• 1928 - Galerie Georges Petit, Catalogue des œuvres importantes Camille Pissarro et de tableaux, pastels, aquarelles, dessins, gouaches par Mary Cassatt, Cézanne, Édouard Dufeu, Delacroix, Guillaumin, Blanche Hoschedé, Jongkind, Le Bail, Luce, Manet, Claude Monet, Piette, Seurat, Signac, Sisley, van Rysselberghe, etc..[16]
  • 1957 - Vernon, Blanche-Hoschedé-Monet
  • 1959 - Musée des Beaux-Arts de Rouen: Blanche Hoschedé Monet, Henry Ottman
  • 1960 - Charles E. Slatkin Galleries, New York: Claude Monet and the Giverny Artists
  • 1988 - Modern Art Museum Ibaraki, Kyoto, Fukushima: Monet and his Friends
  • 1991 - AG Poulain, Vernon: Blanche Hoschedé Monet


Blanche Hoschedé Monet's works are in the following museums:

  • Toulouse-Lautrec Museum, Albi: Port de Saint-Jean-Cap-Ferrat
  • Musée Clemenceau, Paris: Garden in Giverny
  • Maison de Georges Clemenceau, Belebat: The Garden of Clemenceau and The Garden and the House
  • Musée Marmottan Monet, Paris: Along the River and House of Sorel-Moussel
  • Musée des Beaux-Arts de Rouen: Poplars along the River, Pivoines, and Claude Monet’s Garden[17]
  • Musée des Augustins, Toulouse: The Garden and House of Claude Monet in Giverny
  • Musée de la Cohue, Vannes: Le bassin, temps gris
  • Musée A.G. Poulain, Vernon: House of Claude Monet, L’étang de Giverny, Beach in Normandy, and The Cabbage[9]
  • Fondation Monet in Giverny[18]


Partial list of Blanche Hoschedé Monet's works:

  • The Banks of the Seine, oil on canvas[19]
  • Claude Monet's Garden at Giverny, oil on canvas[19]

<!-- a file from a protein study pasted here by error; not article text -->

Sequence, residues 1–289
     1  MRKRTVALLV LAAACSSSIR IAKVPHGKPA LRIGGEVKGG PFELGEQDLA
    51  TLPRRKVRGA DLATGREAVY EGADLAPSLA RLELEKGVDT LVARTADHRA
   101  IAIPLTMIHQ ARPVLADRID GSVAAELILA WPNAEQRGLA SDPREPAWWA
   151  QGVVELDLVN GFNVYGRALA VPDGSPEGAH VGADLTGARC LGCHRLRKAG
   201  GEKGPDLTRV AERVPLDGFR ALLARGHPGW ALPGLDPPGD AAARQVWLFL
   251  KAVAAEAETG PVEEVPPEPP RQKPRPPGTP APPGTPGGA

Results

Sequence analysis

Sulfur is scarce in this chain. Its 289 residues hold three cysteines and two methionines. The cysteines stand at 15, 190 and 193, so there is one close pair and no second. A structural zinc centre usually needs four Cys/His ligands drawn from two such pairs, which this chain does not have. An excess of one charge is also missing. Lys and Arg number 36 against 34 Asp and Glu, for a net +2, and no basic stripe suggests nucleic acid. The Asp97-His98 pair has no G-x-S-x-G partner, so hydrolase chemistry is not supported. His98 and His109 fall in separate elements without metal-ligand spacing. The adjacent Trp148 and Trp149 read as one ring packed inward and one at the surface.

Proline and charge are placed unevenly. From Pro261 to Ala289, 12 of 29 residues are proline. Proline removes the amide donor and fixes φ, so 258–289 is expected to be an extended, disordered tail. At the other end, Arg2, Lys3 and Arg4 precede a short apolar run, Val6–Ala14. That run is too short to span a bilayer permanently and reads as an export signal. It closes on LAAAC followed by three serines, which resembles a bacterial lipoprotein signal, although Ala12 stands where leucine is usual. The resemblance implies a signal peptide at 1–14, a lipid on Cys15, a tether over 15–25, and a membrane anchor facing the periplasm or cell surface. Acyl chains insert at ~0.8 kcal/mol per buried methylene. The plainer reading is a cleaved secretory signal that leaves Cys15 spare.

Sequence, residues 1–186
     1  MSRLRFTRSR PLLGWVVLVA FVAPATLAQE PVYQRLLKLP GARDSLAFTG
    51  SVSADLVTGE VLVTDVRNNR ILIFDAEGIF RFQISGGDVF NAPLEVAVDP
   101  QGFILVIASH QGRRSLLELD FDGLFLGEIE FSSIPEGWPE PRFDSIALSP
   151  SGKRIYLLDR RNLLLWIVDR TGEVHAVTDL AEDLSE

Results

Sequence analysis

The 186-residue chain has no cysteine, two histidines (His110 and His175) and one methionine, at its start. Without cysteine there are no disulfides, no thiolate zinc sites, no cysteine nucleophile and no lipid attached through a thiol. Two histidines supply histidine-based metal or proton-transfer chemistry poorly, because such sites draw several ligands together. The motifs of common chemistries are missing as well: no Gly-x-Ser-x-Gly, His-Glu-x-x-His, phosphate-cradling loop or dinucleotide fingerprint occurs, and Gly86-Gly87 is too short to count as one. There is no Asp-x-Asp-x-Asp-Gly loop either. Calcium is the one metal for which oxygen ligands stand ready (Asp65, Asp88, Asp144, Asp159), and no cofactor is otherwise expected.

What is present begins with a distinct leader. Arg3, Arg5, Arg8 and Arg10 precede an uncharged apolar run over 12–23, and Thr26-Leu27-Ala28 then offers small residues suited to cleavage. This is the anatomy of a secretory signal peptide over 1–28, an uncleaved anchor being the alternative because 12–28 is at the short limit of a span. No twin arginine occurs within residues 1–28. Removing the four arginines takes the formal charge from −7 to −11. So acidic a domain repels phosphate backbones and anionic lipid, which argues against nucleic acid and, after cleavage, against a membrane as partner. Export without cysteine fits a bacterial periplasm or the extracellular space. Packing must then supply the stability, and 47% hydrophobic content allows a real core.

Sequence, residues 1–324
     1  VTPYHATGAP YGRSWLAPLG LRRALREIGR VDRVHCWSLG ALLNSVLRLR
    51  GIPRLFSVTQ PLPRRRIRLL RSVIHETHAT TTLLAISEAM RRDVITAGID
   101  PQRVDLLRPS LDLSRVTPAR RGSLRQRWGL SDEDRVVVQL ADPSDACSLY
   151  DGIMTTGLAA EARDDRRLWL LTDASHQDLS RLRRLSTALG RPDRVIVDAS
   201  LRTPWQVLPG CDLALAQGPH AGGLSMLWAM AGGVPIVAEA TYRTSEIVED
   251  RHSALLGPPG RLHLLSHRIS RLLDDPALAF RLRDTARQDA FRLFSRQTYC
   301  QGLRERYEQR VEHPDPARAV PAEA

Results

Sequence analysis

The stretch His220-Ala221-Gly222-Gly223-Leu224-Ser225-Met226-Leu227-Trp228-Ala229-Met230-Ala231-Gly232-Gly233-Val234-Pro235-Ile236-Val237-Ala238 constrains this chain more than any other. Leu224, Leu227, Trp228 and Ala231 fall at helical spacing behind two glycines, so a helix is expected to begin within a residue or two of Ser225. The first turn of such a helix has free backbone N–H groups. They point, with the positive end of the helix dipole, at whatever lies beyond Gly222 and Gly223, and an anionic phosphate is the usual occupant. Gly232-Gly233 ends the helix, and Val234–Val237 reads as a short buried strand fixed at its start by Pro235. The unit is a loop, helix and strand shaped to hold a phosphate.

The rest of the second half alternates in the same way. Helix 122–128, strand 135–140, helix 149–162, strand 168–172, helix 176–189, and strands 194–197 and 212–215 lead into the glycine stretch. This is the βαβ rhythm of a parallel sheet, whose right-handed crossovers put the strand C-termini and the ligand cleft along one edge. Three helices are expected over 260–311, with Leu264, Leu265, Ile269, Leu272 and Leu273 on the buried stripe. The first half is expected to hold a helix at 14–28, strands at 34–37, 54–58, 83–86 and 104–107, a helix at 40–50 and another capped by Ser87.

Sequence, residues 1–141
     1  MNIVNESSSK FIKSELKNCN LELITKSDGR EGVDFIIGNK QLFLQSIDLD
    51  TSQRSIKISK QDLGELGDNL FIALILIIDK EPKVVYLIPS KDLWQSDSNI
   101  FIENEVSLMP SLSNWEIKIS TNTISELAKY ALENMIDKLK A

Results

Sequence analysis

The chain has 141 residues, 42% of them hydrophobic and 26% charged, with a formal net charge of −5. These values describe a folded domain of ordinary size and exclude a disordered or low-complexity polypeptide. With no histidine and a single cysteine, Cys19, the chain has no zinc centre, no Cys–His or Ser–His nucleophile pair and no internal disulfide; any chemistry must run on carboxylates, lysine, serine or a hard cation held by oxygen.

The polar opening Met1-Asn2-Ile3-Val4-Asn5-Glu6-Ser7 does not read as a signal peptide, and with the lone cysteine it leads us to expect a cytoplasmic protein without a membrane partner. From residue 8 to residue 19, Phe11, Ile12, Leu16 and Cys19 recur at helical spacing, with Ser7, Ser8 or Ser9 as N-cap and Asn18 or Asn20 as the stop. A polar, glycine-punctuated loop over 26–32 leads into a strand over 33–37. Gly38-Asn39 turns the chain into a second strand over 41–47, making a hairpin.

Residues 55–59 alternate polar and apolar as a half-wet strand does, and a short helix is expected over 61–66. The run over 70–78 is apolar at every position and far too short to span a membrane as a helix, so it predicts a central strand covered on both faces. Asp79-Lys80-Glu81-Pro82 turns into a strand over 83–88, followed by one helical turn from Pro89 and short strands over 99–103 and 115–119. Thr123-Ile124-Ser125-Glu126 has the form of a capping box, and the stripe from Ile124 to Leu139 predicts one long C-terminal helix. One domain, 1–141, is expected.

• A Corner of the Garden at Giverny in Spring, oil on canvas[19]
  • Flowers in a Copper Vase, oil on canvas[19]
  • The Garden, oil on cardboard[19]
  • The Garden, 1904, oil on canvas[19]
  • The Garden at Giverny, 1927, oil on canvas[19]
  • Garden Flowers, 1930, oil on canvas[19]
  • The Gardens of Claude Monet in Giverny, oil on canvas[19]
  • Giverny: Rose Bush and Lilies, oil on canvas[19]
  • Haystack, oil on canvas[19]
  • The Japanese Bridge in Monet's Garden, oil on canvas[19]
  • The Lake, oil on canvas[19]
  • The Monet Rose Garden, oil on canvas[19]
  • Monet's Rose Garden at Giverny, oil on canvas[19]
  • A Road near Giverny, oil on canvas[19]
  • Still Life with Asters, Pitcher and Apples, oil on canvas[19]
  • Water Lilies, 1946, oil on canvas[19]
  • Water Lilies, oil on canvas[19]
  • Water Lilies at Giverny, oil on canvas[19]
  • Willows by the Pond in Giverny, oil on canvas[19]

Popular culture

A movie entitled Monet, la lumière blanche, directed by Chantal Picault, will be produced including the following actors:[20]